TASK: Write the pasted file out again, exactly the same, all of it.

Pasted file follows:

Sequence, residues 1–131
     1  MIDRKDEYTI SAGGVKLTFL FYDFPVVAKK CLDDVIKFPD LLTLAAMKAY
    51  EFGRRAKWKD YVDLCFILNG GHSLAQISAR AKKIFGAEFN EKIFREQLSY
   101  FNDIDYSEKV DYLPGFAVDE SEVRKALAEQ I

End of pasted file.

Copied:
Sequence, residues 1–131
     1  MIDRKDEYTI SAGGVKLTFL FYDFPVVAKK CLDDVIKFPD LLTLAAMKAY
    51  EFGRRAKWKD YVDLCFILNG GHSLAQISAR AKKIFGAEFN EKIFREQLSY
   101  FNDIDYSEKV DYLPGFAVDE SEVRKALAEQ I